For me, the most paralyzing news was that Nature was no conservationist. It needed no help from us in taking the planet apart and putting it back together some different way, not necessarily improving it from the viewpoint of living things. It set fire to forests with lightning bolts. It paved vast tracts of arable land with lava, which could no more support life than big-city parking lots. It had in the past sent glaciers down from the North Pole to grind up major portions of Asia, Europe, and North America. Nor was there any reason to think that it wouldn’t do that again someday. At this very moment it is turning African farms to deserts, and can be expected to heave up tidal waves or shower down white-hot boulders from outer space at any time. It has not only exterminated exquisitely evolved species in a twinkling, but drained oceans and drowned continents as well. If people think Nature is their friend, then they sure don’t need an enemy.

Yes, and as you people a hundred years from now must know full well, and as your grandchildren will know even better: Nature is ruthless when it comes to matching the quantity of life in any given place at any given time to the quantity of nourishment available. So what have you and Nature done about overpopulation? Back here in 1988, we were seeing ourselves as a new sort of glacier, warm-blooded and clever, unstoppable, about to gobble up everything and then make love—and then double in size again.

On second thought, I am not sure I could bear to hear what you and Nature may have done about too many people for too small a food supply.

And here is a crazy idea I would like to try on you: Is it possible that we aimed rockets with hydrogen bomb warheads at each other, all set to go, in order to take our minds off the deeper problem—how cruelly Nature can be expected to treat us, Nature being Nature, in the by-and-by?

Now that we can discuss the mess we are in with some precision, I hope you have stopped choosing abysmally ignorant optimists for positions of leadership. They were useful only so long as nobody had a clue as to what was really going on—during the past seven million years or so. In my time they have been catastrophic as heads of sophisticated institutions with real work to do.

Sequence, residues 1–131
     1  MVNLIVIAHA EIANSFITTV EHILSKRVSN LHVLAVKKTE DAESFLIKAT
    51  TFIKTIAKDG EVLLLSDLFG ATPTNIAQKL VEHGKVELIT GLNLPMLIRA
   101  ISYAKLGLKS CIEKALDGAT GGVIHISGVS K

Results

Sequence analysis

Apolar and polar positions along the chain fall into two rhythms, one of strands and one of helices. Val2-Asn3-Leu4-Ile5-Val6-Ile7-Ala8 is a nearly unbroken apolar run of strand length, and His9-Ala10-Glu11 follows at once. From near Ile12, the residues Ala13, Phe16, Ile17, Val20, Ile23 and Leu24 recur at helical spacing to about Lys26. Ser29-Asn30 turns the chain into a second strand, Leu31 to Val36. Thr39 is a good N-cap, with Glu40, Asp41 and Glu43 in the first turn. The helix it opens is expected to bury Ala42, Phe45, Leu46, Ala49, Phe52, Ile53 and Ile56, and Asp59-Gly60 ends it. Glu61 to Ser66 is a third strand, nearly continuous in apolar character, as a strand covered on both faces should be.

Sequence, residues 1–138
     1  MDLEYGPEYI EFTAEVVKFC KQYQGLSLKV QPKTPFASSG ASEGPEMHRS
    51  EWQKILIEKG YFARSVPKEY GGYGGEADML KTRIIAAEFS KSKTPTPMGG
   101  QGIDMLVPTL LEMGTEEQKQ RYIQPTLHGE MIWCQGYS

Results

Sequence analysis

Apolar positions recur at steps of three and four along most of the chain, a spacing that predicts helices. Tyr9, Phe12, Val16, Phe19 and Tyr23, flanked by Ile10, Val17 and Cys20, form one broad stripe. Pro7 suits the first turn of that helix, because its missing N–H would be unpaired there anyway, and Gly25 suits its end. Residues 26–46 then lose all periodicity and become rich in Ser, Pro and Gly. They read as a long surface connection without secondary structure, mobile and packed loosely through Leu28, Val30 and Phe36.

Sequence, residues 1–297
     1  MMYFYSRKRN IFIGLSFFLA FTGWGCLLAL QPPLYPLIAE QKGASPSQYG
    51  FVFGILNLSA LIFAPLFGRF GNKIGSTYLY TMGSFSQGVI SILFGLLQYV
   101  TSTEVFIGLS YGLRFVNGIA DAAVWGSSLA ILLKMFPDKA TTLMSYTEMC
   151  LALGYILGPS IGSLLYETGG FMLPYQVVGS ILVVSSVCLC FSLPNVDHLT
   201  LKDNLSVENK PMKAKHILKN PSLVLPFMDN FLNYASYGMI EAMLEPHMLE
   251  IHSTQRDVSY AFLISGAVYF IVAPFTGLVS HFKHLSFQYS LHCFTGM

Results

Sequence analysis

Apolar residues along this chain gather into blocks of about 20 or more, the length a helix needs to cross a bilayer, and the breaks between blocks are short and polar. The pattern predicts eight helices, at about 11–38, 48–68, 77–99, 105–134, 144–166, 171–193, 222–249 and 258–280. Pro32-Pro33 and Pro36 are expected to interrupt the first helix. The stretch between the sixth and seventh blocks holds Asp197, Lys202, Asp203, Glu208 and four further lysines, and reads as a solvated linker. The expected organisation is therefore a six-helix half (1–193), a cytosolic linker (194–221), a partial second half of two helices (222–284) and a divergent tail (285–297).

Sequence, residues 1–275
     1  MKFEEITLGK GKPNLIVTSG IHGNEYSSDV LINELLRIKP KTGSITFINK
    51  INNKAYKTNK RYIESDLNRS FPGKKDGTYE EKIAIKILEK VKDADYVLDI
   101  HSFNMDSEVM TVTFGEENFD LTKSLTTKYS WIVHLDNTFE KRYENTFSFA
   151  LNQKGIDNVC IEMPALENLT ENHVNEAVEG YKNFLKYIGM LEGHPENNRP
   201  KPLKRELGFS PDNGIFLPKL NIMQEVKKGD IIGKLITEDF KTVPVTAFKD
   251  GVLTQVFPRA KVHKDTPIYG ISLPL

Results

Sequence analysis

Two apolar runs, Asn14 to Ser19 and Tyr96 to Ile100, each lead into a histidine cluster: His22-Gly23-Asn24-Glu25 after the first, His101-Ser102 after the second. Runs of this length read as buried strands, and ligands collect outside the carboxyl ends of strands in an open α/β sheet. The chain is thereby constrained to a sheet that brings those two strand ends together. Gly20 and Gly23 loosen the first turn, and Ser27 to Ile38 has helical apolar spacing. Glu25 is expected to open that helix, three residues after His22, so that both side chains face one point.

The sort of leaders we need now are not those who promise ultimate victory over Nature through perseverance in living as we do right now, but those with the courage and intelligence to present to the world what appears to be Nature’s stern but reasonable surrender terms:

Reduce and stabilize your population.

Stop poisoning the air, the water, and the topsoil.

Stop preparing for war and start dealing with your real problems.

Teach your kids, and yourselves, too, while you’re at it, how to inhabit a small planet without helping to kill it.

Stop thinking science can fix anything if you give it a trillion dollars.

Stop thinking your grandchildren will be OK no matter how wasteful or destructive you may be, since they can go to a nice new planet on a spaceship. That is really mean, and stupid.

And so on. Or else.

Am I too pessimistic about life a hundred years from now? Maybe I have spent too much time with scientists and not enough time with speechwriters for politicians. For all I know, even bag ladies and bag gentlemen will have their own personal helicopters or rocket belts in A.D. 2088. Nobody will have to leave home to go to work or school, or even stop watching television. Everybody will sit around all day punching the keys of computer terminals connected to everything there is, and sip orange drink through straws like the astronauts.

Kurt Vonnegut


Posted on on May 1st, 2016
by Pincas Jawetz (

This posting is intended to introduce to our readers the “Mother Pelican Journal” that is edited by Louis T. Gutieres. MOTHER PELICAN JOURNAL is distributed free via the Solidarity-Sustainability Group.
This Journal deals with “Interdisciplinary resources for futures research on solidarity, sustainability, non-violence, human development, gender equality in secular and religious …” They say: “Integral human development includes all dimensions in the life of each person, including the physical, intellectual, pyschological, ethical, and spiritual dimensions. In particular, the spiritual development of each and every human person is crucial for sustainable development.”

The monthly Mother Pelican, started May 2005, is a Journal of Solidarity and Sustainability and it released now an amazing (encyclopedic) May 2016 issue. You can communicate with Gutieres via:  the.pelican.web at